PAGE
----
A French artist's pyramid made of beer is destroyed and consumed within a museum.

An in-door pyramid made of 72,000 bottles of Efes Turkish beer allowed contemporary art museum visitors to explore the space while enjoying a complimentary beer. The bottles were stacked in boxes as a series of steps in the center of the room, and by the end of the night many of the cases lay torn and bottles broken across the floor. The creative project’s theme centered on colonialism, tourism and the relationship between a monument preservation and its deterioration.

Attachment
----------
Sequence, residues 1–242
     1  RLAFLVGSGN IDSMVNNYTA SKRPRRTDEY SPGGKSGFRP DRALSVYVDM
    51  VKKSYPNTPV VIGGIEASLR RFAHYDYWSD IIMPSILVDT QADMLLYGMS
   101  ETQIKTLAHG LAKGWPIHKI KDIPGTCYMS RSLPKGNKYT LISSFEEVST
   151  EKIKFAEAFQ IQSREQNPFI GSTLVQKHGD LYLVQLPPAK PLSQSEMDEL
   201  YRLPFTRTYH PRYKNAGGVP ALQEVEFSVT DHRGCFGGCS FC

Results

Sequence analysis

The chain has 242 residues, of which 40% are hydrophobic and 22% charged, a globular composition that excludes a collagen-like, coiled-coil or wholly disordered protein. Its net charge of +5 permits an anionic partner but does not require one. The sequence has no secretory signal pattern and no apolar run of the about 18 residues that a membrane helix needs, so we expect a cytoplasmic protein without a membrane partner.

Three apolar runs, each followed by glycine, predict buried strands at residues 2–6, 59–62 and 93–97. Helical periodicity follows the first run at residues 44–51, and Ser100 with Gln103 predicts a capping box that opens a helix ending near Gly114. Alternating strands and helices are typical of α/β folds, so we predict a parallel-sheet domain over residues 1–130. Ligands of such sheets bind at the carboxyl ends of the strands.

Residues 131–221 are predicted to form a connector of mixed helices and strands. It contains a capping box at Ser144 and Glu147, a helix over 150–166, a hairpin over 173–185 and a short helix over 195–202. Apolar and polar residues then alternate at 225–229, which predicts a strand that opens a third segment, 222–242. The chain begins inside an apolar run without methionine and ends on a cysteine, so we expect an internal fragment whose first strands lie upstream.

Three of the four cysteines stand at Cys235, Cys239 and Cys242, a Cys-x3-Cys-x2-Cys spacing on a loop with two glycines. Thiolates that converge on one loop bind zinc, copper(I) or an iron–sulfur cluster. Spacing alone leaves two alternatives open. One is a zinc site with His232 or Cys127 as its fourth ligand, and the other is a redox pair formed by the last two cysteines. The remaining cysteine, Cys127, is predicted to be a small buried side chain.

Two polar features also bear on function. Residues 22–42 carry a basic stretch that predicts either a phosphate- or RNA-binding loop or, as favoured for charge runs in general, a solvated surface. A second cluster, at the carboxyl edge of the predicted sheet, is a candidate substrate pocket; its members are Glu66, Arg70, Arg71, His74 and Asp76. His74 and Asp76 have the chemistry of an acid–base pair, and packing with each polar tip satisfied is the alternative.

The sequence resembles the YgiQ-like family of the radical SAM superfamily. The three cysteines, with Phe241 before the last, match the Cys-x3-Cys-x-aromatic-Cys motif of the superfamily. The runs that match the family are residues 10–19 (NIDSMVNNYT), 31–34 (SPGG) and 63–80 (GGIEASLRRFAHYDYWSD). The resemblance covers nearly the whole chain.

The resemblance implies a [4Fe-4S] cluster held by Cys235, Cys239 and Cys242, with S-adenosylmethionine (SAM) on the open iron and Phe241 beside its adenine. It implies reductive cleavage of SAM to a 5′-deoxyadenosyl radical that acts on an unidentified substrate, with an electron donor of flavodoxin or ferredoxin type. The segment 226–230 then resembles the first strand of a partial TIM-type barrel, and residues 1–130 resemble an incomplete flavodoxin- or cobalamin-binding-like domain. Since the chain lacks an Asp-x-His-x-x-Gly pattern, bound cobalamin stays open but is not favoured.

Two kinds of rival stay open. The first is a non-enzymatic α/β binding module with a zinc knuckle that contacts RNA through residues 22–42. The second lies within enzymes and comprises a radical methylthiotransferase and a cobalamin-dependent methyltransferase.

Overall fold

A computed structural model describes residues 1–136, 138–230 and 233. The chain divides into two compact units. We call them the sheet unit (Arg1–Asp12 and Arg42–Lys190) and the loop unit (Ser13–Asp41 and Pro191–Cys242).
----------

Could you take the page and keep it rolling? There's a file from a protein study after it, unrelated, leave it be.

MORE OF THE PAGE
French-born, Berlin-based artist Cyprien Gaillard constructed the pyramid within the KW Institute for Contemporary Art in Berlin. The instillation references the colonial excavation of the Pergamon Altar, a structure from antiquity which was taken from Turkey by Germans during the 19th century. Similarly, this structure is made from imported Turkish beer and presented in Berlin for Germans to both enjoy and destroy. Alcohol was thus deteriorating the participants body and minds as the pyramid suffered the same fate. In this way, the art instillation integrates a fun creative space for visitors, and an educational awareness of historical issues.

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